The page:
And one day
It will all be too much for her.
Like the weight of her world on her shoulders
will collapse her knees, crush her spine and her spirit.
Though no one would see the fall.
She will smile through it all
I may go the rest of my life
Without ever laying hands on you,
Without ever laying claim to you,
Without pushing your hair back from your eyes,
Without bringing you coffee in the morning,
Or singing to you at night.
I may live the remainder of my days
Without touching your hand,
Without smelling your skin,
Without losing myself in your eyes.
But this I can promise,
I will never stop loving you,
As long as my heart continues to beat - it is yours.
I can promise you this.
I am the owner of the little blue shoe seemingly cast into the parking lot of the dollar store. What I mean is that I own the shoe, but in no way am I the wearer of that small infant shoe with the baby elephant smiling on the side. The infant shoe belonged to my son. That pair of shoes was a gift at my baby shower, from my mother in-law, but she isn't anymore. Since you found the shoe, I suppose you'll want to know how it got into your hands.
My presence at the dollar store with my infant was out of necessity rather than a natural ability to be frugal. At this dollar store, I could buy anything from socks to baby bibs for a dollar a piece. At this point I have to.
It was with a heavy heart that I drove my fathers car to the dollar store, because I can't afford my own anymore. I packed up my sweet baby wearing the hand me down onesie in his car seat, also a gift at my baby shower, bracing myself for the cold in the frigid February snowstorm. Just me and baby. I shopped the aisles for necessities: toothpaste, toilet paper, baby shampoo, laundry soap, tampons, dish soap, thought seriously how nice ziplock baggies would be, but skip those for imitation vanilla wafers to aid with his teething gums. I saw my baby boy begin to wake up from the slumber he had been in throughout the car ride and the first part of the trip. I quickly made my way to the checkout knowing the combination of gum pain, orajel is too expensive and his late nap will ensure a mid-store fit/stares/judgey old people etc.
Up on the conveyor belt went all the items from the basket. Adding them up in my head, trying to calculate 7.25% tax, anxiety welling inside me because I was almost certain I had $14.36 in my bank, but the total if I calculated the tax correctly was $15.01. The whimpering in the cart was getting louder as the cashier announced my total, as I predicted. I didn't have enough. I tried to think about what I needed the least. Can one put dish detergent in the clothes washer? Is there a dual purpose for toilet paper and tampons? The combination of the line growing behind me, my son wailing loudly, a lack of adequate sleep and my indecision about what single item to return created a surge of anxiety, eating me from the inside out. I mumbled something to the cashier about not having enough, grabbed the car seat and raced for the door in tears. I was so ashamed.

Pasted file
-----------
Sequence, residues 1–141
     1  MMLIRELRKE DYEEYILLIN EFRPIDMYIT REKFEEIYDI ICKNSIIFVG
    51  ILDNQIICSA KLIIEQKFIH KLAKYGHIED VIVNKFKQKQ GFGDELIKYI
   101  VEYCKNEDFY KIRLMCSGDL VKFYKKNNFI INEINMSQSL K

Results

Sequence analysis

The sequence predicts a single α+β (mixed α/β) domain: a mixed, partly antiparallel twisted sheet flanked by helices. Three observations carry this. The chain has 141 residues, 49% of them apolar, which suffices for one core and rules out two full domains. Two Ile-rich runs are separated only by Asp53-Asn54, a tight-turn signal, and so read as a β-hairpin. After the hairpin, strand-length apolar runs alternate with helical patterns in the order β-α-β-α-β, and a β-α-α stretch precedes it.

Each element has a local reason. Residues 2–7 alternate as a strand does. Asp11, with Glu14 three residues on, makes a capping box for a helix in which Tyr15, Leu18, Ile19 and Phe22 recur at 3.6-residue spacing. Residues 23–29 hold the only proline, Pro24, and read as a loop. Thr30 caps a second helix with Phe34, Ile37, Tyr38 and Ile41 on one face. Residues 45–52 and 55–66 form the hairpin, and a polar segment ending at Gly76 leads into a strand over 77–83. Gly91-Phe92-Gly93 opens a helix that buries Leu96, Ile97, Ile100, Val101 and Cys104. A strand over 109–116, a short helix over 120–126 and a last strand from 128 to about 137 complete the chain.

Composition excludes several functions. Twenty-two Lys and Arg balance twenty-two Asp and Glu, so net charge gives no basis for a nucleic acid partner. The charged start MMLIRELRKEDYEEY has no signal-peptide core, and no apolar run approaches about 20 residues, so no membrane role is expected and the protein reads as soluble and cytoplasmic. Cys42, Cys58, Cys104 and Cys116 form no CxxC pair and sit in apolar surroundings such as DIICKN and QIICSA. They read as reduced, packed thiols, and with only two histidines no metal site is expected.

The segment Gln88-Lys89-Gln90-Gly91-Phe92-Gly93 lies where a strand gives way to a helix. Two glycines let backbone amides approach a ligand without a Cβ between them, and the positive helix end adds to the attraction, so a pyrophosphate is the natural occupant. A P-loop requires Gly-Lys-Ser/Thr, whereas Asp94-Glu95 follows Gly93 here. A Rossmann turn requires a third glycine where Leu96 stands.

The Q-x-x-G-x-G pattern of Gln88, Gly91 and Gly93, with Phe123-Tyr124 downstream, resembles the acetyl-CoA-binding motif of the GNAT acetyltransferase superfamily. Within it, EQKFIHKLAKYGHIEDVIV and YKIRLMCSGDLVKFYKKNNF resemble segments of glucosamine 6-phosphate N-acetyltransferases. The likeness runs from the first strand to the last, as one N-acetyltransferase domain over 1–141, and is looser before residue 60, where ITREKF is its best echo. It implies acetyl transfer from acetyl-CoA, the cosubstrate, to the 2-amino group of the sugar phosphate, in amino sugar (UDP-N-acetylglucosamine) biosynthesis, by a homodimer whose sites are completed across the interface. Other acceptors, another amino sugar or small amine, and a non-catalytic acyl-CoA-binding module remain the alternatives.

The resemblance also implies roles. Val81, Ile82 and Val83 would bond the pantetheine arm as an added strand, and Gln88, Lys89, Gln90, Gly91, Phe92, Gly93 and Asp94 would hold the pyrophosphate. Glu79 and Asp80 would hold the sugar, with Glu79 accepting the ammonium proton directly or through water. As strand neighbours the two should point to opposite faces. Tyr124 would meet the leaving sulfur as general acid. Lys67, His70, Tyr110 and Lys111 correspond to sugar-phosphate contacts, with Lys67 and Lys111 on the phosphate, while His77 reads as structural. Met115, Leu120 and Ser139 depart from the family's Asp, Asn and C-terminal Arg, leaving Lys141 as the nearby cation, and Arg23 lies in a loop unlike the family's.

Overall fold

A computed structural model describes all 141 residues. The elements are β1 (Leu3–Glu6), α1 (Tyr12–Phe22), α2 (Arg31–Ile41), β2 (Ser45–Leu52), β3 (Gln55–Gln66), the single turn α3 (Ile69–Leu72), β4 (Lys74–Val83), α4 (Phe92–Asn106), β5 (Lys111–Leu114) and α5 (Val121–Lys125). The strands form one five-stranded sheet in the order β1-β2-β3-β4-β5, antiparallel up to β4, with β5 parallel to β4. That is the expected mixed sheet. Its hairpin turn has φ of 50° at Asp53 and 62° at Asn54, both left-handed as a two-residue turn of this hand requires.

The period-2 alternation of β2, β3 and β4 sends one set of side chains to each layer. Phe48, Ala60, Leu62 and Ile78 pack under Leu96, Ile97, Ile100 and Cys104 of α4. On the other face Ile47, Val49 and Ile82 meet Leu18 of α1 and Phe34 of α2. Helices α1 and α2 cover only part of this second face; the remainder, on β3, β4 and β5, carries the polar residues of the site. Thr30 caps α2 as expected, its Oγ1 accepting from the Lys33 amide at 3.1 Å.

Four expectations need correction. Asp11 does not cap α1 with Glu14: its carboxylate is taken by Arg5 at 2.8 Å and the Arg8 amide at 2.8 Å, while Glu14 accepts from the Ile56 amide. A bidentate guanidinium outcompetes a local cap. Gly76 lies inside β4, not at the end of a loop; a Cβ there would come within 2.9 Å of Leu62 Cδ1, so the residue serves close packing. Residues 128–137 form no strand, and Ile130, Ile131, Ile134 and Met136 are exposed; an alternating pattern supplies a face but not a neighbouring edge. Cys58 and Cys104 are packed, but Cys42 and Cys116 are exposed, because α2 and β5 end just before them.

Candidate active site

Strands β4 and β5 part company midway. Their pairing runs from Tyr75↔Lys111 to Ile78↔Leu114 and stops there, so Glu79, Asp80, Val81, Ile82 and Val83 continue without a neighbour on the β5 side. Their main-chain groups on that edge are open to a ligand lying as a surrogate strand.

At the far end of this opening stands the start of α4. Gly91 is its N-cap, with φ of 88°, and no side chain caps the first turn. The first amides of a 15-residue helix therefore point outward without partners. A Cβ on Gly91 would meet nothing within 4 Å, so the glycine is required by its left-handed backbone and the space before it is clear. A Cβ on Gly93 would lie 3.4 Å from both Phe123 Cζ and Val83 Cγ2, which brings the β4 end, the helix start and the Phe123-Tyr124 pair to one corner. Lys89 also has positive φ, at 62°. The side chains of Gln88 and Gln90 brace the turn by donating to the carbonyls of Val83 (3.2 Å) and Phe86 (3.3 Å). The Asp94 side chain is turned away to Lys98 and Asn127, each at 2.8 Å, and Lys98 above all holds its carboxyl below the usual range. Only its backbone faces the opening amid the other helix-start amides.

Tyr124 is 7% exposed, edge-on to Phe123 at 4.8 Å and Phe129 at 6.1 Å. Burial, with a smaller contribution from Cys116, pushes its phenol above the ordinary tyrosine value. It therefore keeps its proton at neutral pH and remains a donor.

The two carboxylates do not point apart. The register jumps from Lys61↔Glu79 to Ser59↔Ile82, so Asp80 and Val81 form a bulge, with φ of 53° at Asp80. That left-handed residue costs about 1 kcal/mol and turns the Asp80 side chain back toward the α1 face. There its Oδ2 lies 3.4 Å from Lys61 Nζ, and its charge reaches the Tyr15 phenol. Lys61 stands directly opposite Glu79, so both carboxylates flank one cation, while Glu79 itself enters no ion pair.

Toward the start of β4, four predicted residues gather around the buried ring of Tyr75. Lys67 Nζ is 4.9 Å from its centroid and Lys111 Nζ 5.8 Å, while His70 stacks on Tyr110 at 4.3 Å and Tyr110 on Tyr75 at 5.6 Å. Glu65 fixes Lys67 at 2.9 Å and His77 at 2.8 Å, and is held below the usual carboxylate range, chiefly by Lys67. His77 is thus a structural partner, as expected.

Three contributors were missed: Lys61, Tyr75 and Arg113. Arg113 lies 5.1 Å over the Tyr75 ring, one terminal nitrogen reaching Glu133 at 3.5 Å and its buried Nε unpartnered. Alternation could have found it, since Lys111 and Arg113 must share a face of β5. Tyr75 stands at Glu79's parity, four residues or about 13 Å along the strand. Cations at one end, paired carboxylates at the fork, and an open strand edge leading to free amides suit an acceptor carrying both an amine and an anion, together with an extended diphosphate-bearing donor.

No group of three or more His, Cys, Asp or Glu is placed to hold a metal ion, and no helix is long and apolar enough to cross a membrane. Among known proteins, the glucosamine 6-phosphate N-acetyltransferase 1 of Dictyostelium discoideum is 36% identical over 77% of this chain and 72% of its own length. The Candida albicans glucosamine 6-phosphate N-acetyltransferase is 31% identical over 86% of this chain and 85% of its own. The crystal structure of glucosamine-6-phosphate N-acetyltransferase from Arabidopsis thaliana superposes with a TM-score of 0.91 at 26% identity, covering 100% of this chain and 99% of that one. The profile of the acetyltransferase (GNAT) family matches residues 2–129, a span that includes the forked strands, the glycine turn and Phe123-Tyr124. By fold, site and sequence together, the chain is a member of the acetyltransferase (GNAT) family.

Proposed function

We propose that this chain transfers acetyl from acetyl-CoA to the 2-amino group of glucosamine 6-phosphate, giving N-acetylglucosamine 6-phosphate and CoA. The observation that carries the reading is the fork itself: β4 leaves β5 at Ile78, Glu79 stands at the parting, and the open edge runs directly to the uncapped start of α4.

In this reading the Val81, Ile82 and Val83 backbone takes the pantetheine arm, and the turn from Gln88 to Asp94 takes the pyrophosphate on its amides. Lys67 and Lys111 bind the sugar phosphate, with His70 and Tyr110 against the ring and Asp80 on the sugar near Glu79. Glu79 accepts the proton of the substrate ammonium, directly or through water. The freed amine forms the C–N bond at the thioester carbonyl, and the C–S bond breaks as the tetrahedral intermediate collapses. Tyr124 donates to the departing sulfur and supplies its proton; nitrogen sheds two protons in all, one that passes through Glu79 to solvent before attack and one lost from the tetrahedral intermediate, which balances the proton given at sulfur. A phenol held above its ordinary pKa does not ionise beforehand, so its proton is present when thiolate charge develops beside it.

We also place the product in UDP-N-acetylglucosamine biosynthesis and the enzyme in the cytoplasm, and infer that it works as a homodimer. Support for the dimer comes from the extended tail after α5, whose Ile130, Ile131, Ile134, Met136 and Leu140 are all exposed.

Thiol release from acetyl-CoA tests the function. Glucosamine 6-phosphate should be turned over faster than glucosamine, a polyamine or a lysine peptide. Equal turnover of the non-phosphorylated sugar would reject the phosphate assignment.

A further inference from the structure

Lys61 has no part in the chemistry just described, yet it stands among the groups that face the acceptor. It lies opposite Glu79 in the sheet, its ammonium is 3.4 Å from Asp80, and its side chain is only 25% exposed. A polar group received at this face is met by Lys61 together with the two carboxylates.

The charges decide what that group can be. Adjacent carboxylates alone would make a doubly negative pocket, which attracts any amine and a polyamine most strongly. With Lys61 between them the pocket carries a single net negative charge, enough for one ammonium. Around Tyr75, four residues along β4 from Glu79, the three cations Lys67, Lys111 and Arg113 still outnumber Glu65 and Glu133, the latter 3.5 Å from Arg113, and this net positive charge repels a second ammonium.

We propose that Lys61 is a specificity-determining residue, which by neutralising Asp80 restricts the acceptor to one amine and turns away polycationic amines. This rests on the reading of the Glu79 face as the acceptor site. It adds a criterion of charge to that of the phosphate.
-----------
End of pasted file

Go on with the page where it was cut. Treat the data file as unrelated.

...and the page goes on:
We made it to the car through the deep snow and I strapped him in, tears blurring my vision. I cried the entire way home right along with my wailing son. Just me and baby. It isn't until we were home that I noticed his missing elephant shoe. He must have kicked it off. I never saw a thing. I cried a tear for the little lost shoe just as lonely as me.
I hope you picked up the shoe that cold, snowy day and thought about me, my son and his little foot missing his shoe. We weren't always so lost, so in despair as that day. Hopefully you saw that shoe and turned it in, good hearted mother like me that I know you are. I'm just sorry that I never returned out of shame for that little blue shoe seemingly cast into the parking lot of the dollar store.
This is our showcase page, containing various submissions from various Authors. Please look for snippets about the Authors following their pieces.